In the very near future, the country is plunged into drought and unrest. Scarce resources and constant heat are making life completely miserable. Casey doesn’t think she can stand slugging back another gel pack or working one more shift at the wells. Fortunately, there’s a solution: anyone over the age of seventeen can sign the Forever Contract and enter a utopian paradise. While people’s minds take a permanent vacation, their bodies get warehoused and hooked up to a complex array of sensors and feeding tubes. As Casey’s brother says, “You upload your consciousness to the system and you’re free to live as long as you want, however you want. No more pain, no more heat, no more awful dust, no more work. Just pure thought. It’s what our species has always been meant for. Suffering is for philosophers. Not for me.”
Casey’s ready to sign–a permanent vacation is just what she needs. There’s only one problem: her boyfriend James doesn’t trust it. Told from his and her perspectives, The Forever Contract is a 17,000 word (60 page) novella suitable for readers in grade 8 and above. Would you sign the contract?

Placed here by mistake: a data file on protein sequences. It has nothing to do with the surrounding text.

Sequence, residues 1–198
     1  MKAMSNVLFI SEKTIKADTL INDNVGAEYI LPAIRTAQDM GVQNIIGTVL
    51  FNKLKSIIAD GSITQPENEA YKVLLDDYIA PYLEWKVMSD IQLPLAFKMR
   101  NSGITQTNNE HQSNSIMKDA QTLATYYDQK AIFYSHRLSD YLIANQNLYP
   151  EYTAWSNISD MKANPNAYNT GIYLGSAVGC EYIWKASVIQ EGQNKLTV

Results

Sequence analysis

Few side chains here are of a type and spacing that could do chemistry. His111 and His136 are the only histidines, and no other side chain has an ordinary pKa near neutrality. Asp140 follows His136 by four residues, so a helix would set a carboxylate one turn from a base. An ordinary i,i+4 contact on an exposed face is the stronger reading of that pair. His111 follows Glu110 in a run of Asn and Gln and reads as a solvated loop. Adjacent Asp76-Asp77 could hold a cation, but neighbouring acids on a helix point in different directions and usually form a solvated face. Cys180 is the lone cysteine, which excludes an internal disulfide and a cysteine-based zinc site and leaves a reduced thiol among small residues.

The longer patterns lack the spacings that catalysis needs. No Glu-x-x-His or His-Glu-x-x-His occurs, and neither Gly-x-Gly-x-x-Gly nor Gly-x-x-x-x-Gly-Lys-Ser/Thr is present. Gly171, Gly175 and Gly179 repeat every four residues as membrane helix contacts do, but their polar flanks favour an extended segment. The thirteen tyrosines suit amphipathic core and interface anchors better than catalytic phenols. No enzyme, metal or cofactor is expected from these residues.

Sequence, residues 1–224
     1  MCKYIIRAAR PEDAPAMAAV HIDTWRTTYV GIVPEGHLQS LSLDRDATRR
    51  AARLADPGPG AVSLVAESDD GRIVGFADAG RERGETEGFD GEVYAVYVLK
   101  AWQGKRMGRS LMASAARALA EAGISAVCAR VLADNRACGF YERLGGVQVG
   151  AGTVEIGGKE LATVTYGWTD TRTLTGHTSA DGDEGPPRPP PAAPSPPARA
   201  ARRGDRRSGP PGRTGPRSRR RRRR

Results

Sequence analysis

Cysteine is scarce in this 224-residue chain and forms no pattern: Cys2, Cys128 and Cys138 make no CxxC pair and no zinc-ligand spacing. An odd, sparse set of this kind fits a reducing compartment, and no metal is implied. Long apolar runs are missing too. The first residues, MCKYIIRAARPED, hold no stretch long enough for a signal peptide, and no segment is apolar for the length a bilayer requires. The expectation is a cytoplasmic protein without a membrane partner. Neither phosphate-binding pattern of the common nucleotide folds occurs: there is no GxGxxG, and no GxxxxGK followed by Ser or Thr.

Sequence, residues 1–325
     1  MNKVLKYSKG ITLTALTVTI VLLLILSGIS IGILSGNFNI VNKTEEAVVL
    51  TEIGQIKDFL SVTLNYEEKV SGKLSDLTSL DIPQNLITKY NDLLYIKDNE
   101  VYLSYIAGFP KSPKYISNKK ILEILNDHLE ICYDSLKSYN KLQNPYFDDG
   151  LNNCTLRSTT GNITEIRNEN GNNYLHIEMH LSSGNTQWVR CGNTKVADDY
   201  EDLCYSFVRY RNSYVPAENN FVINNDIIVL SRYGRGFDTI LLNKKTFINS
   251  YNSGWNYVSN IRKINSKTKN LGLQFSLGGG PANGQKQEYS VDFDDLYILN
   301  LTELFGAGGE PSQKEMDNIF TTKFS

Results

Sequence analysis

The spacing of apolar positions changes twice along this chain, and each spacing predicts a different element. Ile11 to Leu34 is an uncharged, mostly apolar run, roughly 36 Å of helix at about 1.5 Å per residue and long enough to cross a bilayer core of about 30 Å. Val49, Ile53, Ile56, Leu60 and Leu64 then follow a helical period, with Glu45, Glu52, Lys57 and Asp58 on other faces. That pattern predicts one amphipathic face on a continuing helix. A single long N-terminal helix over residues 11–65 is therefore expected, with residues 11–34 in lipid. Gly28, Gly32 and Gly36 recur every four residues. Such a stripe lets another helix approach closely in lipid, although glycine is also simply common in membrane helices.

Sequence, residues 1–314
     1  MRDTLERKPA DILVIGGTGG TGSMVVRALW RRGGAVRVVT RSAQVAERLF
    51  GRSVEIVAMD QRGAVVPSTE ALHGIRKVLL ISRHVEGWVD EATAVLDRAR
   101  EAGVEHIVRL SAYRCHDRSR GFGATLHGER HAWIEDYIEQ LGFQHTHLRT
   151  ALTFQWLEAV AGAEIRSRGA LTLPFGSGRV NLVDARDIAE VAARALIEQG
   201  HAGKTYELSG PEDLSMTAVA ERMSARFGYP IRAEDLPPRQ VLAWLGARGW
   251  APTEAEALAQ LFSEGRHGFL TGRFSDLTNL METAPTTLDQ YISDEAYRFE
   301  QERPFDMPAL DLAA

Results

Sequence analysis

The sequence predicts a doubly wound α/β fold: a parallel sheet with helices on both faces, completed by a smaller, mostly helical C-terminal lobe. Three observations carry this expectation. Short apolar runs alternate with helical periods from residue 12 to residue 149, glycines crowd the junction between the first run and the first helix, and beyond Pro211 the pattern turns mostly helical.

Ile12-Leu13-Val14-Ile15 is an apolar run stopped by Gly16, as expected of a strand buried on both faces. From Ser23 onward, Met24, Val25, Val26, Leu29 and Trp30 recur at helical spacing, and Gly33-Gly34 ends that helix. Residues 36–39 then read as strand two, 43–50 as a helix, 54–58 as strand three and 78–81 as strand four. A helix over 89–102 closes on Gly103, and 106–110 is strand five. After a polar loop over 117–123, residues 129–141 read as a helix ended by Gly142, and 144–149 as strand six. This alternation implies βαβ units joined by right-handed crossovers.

5 Stars. I really enjoyed this book as it allows you to think about what would happen if you were in the same situation. Casey and her boyfriend James live in a dystopian world where things are not great – water shortage, lack of food and electricity. At the age of 17 they are offered the chance of signing the Forever Contract, which means their brain is uploaded into a computer whilst their body is put into a warehouse and they are able to live the life they want – and anything they wish to have just appears for them. But is it as perfect as they make out? That is what James and Casey aim to find out in this quick novella about a world that could so easily exist. And for a story that is free it is definitely worth taking some time out to read this.